Despite the cancellation of the Fourth of July parade, pictured here in 2019, hotels and businesses have been busy with visitors this weekend. (Planet file photo)

The Fourth of July has long been a popular weekend in Telluride, with throngs of visitors and residents alike lining Colorado Avenue for the colorful annual parade, and gathering in Town Park for the traditional fire department BBQ. Of course, these staple events will not be happening this year due to the COVID-19 pandemic, but that doesn’t mean Telluride’s Fourth of July weekend has lost its luster. On the contrary, despite the cancellations and public health restrictions, visitors have increasingly returned to the beloved box canyon after a sequestered spring.

Hotels and short-term lodging in San Miguel County are currently in the second phase of the phased reopening plan, carefully structured by local officials and public health experts to avoid reaching an untenable level of coronavirus cases in the region. Under current restrictions, hotels and lodging providers can operate at up to 50 percent average capacity, not to exceed 65 percent on any given night. Phase three, contingent upon reevaluation by officials, is slated to begin July 13, allowing for up to 75 percent capacity.

“In terms of visitation and lodging metrics, March 14 was the last time we welcomed more guests,” said Michael Martelon, CEO and president of the Telluride Tourism Board. “To be on the safe side, today the (lodging oversight) committee made the decision to shut down any open availability for July 3 or July 4 as paid occupancy was just under the approved one-night occupancy level.”

India Hillburn, reservations manager at Hotel Telluride, confirmed that the hotel has been busy, reaching its maximum capacity allowance most nights last week.

“We are hitting occupancy almost every night,” Hillburn said. “We’re seeing a lot of people that are not making reservations, they’re just coming into town and deciding they want to stay the night and calling us, but sometimes we’re at occupancy so we’re having to turn them away. … But it’s good to be back and in the new flow of things.”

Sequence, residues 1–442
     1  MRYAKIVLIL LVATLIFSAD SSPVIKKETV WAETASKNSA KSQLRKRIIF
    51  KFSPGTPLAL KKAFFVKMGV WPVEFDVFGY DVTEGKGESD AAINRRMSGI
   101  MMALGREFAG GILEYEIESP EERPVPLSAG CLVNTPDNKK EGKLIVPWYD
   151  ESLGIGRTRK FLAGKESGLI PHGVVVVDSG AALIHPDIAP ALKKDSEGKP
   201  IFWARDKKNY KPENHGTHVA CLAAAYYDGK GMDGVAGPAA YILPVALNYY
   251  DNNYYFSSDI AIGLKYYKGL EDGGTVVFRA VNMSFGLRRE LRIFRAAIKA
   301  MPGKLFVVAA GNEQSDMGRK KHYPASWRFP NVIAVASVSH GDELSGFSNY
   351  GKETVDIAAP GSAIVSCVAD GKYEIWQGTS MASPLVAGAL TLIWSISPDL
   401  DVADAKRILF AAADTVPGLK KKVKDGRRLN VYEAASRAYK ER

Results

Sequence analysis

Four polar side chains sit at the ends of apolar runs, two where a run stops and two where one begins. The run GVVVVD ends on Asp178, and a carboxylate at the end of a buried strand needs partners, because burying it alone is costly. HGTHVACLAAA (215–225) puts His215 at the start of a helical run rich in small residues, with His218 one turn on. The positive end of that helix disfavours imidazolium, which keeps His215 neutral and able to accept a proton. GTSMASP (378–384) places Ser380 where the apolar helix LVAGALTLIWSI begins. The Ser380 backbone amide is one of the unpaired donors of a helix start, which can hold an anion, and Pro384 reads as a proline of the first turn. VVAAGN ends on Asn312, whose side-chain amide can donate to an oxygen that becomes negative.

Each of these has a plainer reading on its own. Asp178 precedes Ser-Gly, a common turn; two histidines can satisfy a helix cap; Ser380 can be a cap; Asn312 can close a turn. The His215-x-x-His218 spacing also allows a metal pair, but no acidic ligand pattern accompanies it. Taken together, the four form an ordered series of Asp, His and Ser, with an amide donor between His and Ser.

Despite the demand for guest accommodations, the restrictions necessitated by the pandemic have had their effect, with overall numbers down compared to previous years, according to Larry Mallard, CEO of Alpine Lodging.

“Our company is down 27.3 percent versus 2019,” Mallard explained. “The summer season itself is down about 35 percent, but the good numbers in January and February brought the number up a bit,” compared to last year, he said.

Given the recent spate of new cases in San Miguel County, those in the lodging industry are urging visitors and residents to maintain a strict observance of preventative public health guidelines, including wearing masks in public and maintaining social distancing standards.

“This Independence Day is all about being vigilant in following health protocols and being able to fully engage the community, our guests, our part-time locals and anyone who decides to visit that we take this very seriously, and if you’re here, we hope and expect you to do as we do while you’re here,” Martelon said, adding, “We are a small community that thrives on our ability to share this special place that we call home. As a community, we need to be healthy in order to do that, thus, face coverings, social distancing, devoted attention to hygiene. If you’re sick, you should stay home and call a doctor. It’s not a complicated concept.”

Mallard noted that the rise in cases of the virus has not come as a surprise, but nonetheless requires dedication to following preventative measures.

“We knew with the reintroduction of second homeowners and lodging guests that we’d have additional cases of COVID-19,” he said. “That’s turned out to be true and will likely rise further. We’ll continue to stress vigilance amongst the lodging group to maintain all safety precautions and follow the direction given by the public health director.”

While the Lodging Oversight Committee halted further reservations for July 3 and 4 to prevent surpassing capacity limitations, business owners in town have also noticed the spike of visitors with a mix of gratitude and trepidation.

Elena Levin, owner of the downtown coffee shop Ghost Town, cited mixed reactions from customers regarding following guidelines, with some offering support for safety measures, while others have pushed back over the need to wear a mask.

“I’m grateful for the income, but I’m more concerned about our service industry workers’ health,” Levin said. “I know I can’t afford a full shutdown again after already going through it in March. The stakes are so high.”